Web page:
In conclusion, the pre-colonial political system in Igboland can be said to be similar to the modern republican system of government in which the people are governed by their consent.

Learn about the Yoruba Pre-colonial Administration and the Hausa Pre-colonial Political System.

If you have questions, kindly use the comment box below. Thanks for reading,


  1. Teslim Opemipo Omipidan. Pre-colonial Systems in Nigeria. highlifextra.
  2. Abiola Ola; A Textbook of West African History; 3rd edition; Ado-Ekiti; Omolayo Standard Press & Bookshops Co. (Nig.) Ltd.; 1984
  3. Debbie C. C.; Essential Government Textbook for Secondary Schools; 2nd edition; Lagos; Tonad Publishers, 2008

Classic / Old Nigerian Movies That Are Worth Watching Again

Old Nigerian Movies

It is known by all that early Nollywood filmmakers produced low-budget movies, but still, Nigerians back then, both young and old, watched them with excitement and enthusiasm. Even till today, most of these old movies are in demand because of their didactic plots, beautiful casting, and the memories they hold.

highlifextra brings you a list of old Nigerian movies that you should consider watching either for the first, second or hundredth time. You can read the history of Nollywood here.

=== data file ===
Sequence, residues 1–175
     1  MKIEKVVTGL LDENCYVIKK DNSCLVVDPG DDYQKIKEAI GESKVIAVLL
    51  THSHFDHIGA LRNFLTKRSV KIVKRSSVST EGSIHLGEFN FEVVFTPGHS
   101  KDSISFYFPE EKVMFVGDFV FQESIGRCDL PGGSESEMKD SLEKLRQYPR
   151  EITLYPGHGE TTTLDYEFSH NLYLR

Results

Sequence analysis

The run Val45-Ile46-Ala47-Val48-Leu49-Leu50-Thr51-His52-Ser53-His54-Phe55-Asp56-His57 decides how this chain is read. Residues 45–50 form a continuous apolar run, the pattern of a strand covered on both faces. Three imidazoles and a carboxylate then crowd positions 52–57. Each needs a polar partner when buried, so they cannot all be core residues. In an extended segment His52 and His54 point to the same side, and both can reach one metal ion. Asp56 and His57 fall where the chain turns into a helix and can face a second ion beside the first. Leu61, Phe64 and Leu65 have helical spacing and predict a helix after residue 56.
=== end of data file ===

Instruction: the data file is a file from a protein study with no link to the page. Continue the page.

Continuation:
Watch/Download Classic or Old Nigerian Movies

1. Domitila (1996)

Domitila was produced by Zeb Ejiro, starring Sandra Achums, Enebeli Elebuwa, Maureen Ihua, Charles Okafor, Ada Ameh, Kate Henshaw, Basorge Tariah Jr, and Anne Njemanze. It is a movie about young girls and their quest to survive. Young girls were lured to big cities where they lived on prostitution, some for survival and some for greed.

2. Glamour Girls (1994)

Glamour Girls was a huge success at the time of its release. It is among the movies that put the Nigerian film industry on the map. The movie highlights hardship in Nigeria which resulted in a subculture that is replete with corruption and desperation.

3. Saworoide (1999)

A Nigerian political movie produced and directed by the popular Tunde Kelani. It stars Kola Oyewo, Lere Paimo, Bukky Wright, Peter Fatomilola, Adebayo Faleti and so on. Saworoide depicts the setting of an old Yoruba tradition in the town of Jogbo where a person cannot be crowned king without a ritual which involves the playing of saworoide, a brass drum.

4. Living In Bondage (1992)

Living In Bondage was directed by Chris Obi Rapu, written by Kenneth Nnebue and Okechukwu Ogunjiofor and produced by Ogunjiofor. The film marked the beginning of Nollywood. It is a story of love, betrayal, suffering and redemption.

5. Karishika (1996)